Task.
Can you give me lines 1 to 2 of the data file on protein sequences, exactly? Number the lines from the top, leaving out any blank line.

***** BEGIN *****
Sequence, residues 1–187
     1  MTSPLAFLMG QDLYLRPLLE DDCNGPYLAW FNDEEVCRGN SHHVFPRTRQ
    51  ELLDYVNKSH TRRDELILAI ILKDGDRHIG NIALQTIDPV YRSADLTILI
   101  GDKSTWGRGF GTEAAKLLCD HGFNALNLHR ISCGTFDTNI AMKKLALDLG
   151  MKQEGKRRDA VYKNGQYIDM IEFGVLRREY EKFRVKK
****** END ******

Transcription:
Sequence, residues 1–187
     1  MTSPLAFLMG QDLYLRPLLE DDCNGPYLAW FNDEEVCRGN SHHVFPRTRQ